The Rawson-Neal Psychiatric Hospital in Nevada is facing a class action lawsuit filed on behalf of former patients that claim the hospital “dumped” them. Rawson-Neal is no stranger to these allegations and has faced lawsuits in the past over the practice. Additionally, it is estimated that Rawson-Neal has dumped nearly 1,500 patients by providing them one-way bus tickets to cities all across the country.

For those that don’t know, when a hospital involuntarily discharges a patient rather than continuing to provide the needed treatment or a referral and transportation to a more suitable facility, this is called dumping.

Frequently, the practice is done in such a way that puts the patients at high risk of harm, and even death. There are countless documented incidents where hospitals discharge patients by sending them to other cities on busses, or simply dropping them off in another county on the side of the road. It is rather common that when a patient is dumped, they will end up homeless and in need of much more care than they would normally have required.

Plastic surgeons, like any other doctor, can be held liable for medical malpractice if their treatment and care for a patient results in injury. But what if their treatment simply results in an unhappy customer? If the nose job, lipo, face lift, or tummy tuck doesn't result in harm but also doesn't meet the doctor's promises or patient's standards, does a displeased patient have any legal recourse?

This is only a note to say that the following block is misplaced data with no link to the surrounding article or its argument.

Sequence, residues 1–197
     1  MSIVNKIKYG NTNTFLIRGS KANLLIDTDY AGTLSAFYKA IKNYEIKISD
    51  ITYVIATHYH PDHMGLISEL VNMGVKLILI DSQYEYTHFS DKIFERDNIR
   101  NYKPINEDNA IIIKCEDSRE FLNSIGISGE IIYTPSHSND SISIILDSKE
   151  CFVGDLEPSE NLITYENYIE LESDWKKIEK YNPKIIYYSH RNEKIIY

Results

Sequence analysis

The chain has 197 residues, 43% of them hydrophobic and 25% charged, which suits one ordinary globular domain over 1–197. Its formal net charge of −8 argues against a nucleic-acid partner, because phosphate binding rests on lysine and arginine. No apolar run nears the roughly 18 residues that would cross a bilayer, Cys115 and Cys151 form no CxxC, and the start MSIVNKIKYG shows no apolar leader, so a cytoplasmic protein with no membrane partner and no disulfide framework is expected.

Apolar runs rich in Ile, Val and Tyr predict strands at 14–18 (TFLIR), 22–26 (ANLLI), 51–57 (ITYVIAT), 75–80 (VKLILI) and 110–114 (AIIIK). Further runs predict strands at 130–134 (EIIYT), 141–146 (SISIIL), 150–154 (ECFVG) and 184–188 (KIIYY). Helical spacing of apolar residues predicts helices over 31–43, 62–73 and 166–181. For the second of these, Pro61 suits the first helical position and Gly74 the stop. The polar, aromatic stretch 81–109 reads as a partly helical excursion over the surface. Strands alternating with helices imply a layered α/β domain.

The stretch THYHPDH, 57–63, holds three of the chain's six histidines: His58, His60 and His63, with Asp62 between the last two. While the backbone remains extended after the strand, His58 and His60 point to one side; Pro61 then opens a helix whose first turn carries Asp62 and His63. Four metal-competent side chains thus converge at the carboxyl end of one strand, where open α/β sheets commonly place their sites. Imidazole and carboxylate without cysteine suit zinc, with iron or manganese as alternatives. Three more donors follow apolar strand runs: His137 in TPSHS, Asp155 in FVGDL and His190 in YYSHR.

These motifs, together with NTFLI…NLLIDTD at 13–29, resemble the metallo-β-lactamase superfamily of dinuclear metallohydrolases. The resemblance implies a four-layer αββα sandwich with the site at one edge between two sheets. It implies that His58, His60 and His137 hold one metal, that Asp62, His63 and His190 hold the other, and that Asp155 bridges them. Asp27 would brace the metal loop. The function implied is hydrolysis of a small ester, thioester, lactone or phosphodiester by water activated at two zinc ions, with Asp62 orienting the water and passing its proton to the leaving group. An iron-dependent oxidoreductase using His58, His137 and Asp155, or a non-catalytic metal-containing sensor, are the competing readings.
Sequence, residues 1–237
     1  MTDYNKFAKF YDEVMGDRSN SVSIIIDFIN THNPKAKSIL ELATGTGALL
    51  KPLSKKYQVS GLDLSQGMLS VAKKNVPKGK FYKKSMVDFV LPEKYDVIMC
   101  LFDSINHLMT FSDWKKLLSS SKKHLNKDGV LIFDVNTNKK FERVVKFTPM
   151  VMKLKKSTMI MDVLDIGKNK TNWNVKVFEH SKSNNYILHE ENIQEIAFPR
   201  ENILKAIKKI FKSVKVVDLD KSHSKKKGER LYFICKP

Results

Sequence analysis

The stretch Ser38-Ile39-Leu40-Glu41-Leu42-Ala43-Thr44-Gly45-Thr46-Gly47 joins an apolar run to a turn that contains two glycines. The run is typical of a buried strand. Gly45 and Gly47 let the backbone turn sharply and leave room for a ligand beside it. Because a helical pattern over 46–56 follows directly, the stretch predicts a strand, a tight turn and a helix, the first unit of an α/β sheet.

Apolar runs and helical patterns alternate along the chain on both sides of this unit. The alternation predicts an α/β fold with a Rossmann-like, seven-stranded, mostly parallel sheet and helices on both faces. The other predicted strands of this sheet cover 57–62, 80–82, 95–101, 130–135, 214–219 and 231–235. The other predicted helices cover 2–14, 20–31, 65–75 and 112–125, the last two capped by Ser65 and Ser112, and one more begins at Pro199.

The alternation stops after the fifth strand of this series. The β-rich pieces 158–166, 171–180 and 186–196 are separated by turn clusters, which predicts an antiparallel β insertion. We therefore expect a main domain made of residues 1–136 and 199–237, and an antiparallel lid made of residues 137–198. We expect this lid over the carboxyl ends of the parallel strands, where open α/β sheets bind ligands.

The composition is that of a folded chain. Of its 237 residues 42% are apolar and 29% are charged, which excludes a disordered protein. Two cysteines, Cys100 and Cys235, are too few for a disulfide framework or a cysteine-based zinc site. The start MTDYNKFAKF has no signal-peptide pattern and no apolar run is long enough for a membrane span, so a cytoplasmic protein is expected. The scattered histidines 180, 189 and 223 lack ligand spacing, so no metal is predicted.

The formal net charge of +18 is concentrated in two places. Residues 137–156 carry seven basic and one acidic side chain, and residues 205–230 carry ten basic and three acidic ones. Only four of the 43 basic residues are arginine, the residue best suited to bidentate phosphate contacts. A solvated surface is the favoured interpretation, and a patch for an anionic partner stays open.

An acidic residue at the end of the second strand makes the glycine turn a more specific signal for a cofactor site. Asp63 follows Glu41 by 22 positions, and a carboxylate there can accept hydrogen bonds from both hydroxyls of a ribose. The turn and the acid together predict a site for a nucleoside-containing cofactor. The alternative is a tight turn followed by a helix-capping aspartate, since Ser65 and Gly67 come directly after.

The terms "breach of contract" and "breach of warranty" are normally limited to the business world of commerce and consumer sales. But they may be useful legal jargon when it comes to suing a plastic surgeon for poor results.

Plastic surgery, like any other surgery, has its attendant risks. If something goes wrong, then a person may be considering taking legal action. However, whether or not to file a lawsuit over a plastic surgery gone wrong should be carefully considered.

Cases against medical professionals are complex and nuanced, and are often subject to shorter deadlines than other types of cases, so seeking legal advice as soon as possible is recommended if you think you have a case. The following plastic surgery lawsuit questions might help point you in the right direction.

When USA Today published leaked rankings of Department of Veterans Affairs medical centers, the VA hospital in Nashville was at the bottom of the list in quality of care. Now that hospital is at the center of a wrongful death suit after a 26-year-old veteran died from a treatable condition.

Aaron Merritt was diagnosed with ulcerative colitis at the Nashville VA Medical Center in January 2014, and died less than ten months later after doctors failed to monitor his reaction to prescribed medication. Merritt's parents are now suing the hospital and the Tennessee Valley Healthcare System for negligence in their son's death.

When an individual is under the care of a hospital or nursing home and ends up with a bedsore, also known as a pressure sore, that usually means something is amiss. If the individual is not conscious, or immobile, or otherwise unable to appreciate the gravity of their confined-to-a-bed situation, a hospital or nursing home could very well be liable for bedsores.

Bedsores can vary in severity, but are generally caused by the prolonged application of the pressure of the weight of the body on the skin and tissue. Bedsores do not occur if a person is carefully monitored, regularly repositioned, and provided with the proper care or resources, even when they are at risk.

Cases of molestation or sexual assault by a doctor are especially heinous. These cases are just as shocking when a teacher, pastor, or police officer commits a similar act. What makes these types of crimes so bad is the violation of the public trust, as well as the likelihood of there being multiple victims.

Unfortunately, these types of crimes occur all too often. Just this past week, a California doctor was arrested for allegedly assaulting multiple patients.